To return to Davila’s comment on apocryphal texts, however, I think that he’s hit the nail on the head. Christian apocryphal traditions—be those written texts, orally shared tales, material presentations such as in art or architecture, or performative activities—, were (and are) scripts of edifying tales, coded cultural constructions of playful piety. They shift in form, extent, details, meaning, and all the other things going on in a non-fixed text; yet, they shift with each new enactment or “reading”. Each reading becomes an original compositional moment, not simply a derivative textual variant from some “original” text. More than the canonical material, legends such as these can be more fluid and thus more playful. Studying such “playful piety” is perhaps one of the key contributions offered by the study of apocrypha. We get to the ground level of people’s social constructions of nomic realities, rather than focusing on idealized religious worldviews.
I would challenge this distinction, however, between the canonical and non-canonical. Yes, the New Testament or biblical material (“canon”) is far more fixed than apocryphal works. The boundaries of the “canonical” are more rigidly policed than with texts falling outside of “canon” (and this could be true of other traditions that have “scripture”, such as with Islam). Yet the idea that texts are both created/defined and injected with meaning/authority through moments of activation by social actors is just as important with, for example, the New Testament writings as it is with popular legends. Both are part of the lived world of social actors (e.g., in the twelfth century), but we need to ask: how are such texts being activated and by whom? Perhaps it is through ritual, art, drama, music, and storytelling that even canon is activated. It’s not all about a priest or bishop expounding on a scriptural passage in a church service (though that is also a moment of activation, with a different set of authoritative claims to power and to the power of interpretation), but certainly that is not the only mode of activation.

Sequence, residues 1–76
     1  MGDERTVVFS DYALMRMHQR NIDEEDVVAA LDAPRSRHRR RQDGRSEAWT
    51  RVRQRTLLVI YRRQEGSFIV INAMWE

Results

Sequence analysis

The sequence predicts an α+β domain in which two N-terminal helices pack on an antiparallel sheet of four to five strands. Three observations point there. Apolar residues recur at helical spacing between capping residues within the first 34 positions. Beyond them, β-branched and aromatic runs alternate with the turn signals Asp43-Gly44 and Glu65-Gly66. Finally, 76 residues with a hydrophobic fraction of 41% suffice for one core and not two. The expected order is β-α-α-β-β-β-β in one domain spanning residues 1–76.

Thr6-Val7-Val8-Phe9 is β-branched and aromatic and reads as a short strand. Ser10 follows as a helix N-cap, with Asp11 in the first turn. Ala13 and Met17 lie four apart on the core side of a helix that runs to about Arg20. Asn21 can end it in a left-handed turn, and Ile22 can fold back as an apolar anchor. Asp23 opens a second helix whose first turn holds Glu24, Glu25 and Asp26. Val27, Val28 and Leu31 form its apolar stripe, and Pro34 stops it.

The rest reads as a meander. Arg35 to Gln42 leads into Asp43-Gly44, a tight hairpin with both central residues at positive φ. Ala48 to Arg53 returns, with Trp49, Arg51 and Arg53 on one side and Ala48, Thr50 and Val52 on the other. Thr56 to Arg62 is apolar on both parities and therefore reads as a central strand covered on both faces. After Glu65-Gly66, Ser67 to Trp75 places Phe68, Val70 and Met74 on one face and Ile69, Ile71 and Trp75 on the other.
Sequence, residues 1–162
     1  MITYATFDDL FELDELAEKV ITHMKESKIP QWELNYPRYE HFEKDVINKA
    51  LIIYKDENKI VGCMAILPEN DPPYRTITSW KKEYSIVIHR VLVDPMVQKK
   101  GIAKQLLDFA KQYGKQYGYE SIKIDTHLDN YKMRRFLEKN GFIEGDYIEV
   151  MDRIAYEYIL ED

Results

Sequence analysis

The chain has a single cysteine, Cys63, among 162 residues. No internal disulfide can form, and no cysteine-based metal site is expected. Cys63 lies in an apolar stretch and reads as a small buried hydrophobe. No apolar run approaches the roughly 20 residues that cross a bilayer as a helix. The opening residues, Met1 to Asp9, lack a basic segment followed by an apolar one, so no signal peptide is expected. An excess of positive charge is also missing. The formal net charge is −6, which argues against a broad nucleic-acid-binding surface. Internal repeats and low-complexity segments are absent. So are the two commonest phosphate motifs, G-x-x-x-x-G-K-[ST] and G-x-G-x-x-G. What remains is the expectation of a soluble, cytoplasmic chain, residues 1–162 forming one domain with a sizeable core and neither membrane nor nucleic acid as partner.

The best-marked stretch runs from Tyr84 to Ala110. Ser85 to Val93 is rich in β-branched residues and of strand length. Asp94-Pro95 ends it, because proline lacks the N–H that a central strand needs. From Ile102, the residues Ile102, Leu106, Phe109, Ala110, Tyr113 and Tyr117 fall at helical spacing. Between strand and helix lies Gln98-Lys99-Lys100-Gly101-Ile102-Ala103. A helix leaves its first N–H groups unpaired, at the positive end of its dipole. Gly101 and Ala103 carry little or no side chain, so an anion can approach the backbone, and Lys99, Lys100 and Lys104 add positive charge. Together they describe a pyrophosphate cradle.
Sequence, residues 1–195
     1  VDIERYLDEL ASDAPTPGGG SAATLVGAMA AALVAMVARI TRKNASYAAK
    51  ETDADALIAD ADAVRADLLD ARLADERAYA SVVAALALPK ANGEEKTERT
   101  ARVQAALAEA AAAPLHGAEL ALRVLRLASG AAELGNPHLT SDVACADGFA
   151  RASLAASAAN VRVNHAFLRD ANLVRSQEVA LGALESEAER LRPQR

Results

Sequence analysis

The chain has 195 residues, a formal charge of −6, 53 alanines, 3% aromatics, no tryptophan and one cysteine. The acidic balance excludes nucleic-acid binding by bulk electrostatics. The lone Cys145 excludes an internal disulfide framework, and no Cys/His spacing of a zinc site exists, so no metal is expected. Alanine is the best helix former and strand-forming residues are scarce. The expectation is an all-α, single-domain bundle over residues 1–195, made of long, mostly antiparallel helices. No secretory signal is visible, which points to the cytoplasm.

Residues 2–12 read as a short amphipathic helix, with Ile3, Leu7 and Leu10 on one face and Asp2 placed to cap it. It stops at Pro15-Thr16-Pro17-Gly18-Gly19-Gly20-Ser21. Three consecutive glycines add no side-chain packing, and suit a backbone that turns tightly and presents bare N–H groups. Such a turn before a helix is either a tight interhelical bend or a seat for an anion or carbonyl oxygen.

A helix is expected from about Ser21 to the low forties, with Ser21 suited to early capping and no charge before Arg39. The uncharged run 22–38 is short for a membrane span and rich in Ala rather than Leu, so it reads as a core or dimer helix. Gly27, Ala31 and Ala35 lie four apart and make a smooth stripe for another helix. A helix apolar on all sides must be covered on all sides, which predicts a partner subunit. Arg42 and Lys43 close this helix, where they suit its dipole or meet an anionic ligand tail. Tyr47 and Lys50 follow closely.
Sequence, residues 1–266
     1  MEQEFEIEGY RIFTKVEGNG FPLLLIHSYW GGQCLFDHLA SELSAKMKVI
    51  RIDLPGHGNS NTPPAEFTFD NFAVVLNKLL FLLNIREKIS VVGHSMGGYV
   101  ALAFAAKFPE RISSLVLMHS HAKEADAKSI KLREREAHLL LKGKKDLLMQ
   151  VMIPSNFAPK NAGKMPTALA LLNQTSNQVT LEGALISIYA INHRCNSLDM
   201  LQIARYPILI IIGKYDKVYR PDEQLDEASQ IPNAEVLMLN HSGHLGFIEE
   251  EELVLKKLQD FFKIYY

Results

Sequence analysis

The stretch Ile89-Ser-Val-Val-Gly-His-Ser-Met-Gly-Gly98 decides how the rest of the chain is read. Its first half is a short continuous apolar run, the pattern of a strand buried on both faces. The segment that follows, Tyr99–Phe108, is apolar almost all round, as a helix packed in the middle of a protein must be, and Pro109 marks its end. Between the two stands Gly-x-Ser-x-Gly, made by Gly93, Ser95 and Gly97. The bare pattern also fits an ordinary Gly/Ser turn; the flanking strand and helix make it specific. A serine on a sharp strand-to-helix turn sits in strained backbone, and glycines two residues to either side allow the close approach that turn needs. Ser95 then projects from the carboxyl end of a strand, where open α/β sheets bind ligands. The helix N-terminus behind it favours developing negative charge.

Thus, even fluidity with the biblical writings needs to be recognized. And in many cases, the apocryphal material can be a useful entry point for identifying such fluidity. Too often we treat the “canonical” and the “non-canonical” as opposing or dichotomous sets, yet in actual use—actual activation—there was a lot more intersection or blending (to evoke a term from cognitive theory, specifically as developed by Gilles Fauconnier and Mark Turner; cf. Hugo Lundhaug’s application of blending theory to Nag Hammadi in his Images of Rebirth) between these sets. Sometimes that intersection was contentious or even violent. Other times, the intersection infused the nomic reality of social actors with new meaning through chains of intertextuality.
So, what does Davila’s comment highlight for us (in our own activation of his review through intertextual chains)? I think he helps us to ask helpful questions about apocryphal texts in cultural contexts: how is a text used, transformed, transmitted, played with, engaged, activated, or shattered? When we explore those kinds of questions, I think we may gain greater understanding into the worlds we are studying, offering us a firmer basis to theorize or explain those words and how religious texts were utilized within moments of social interaction and constructions of nomic realities.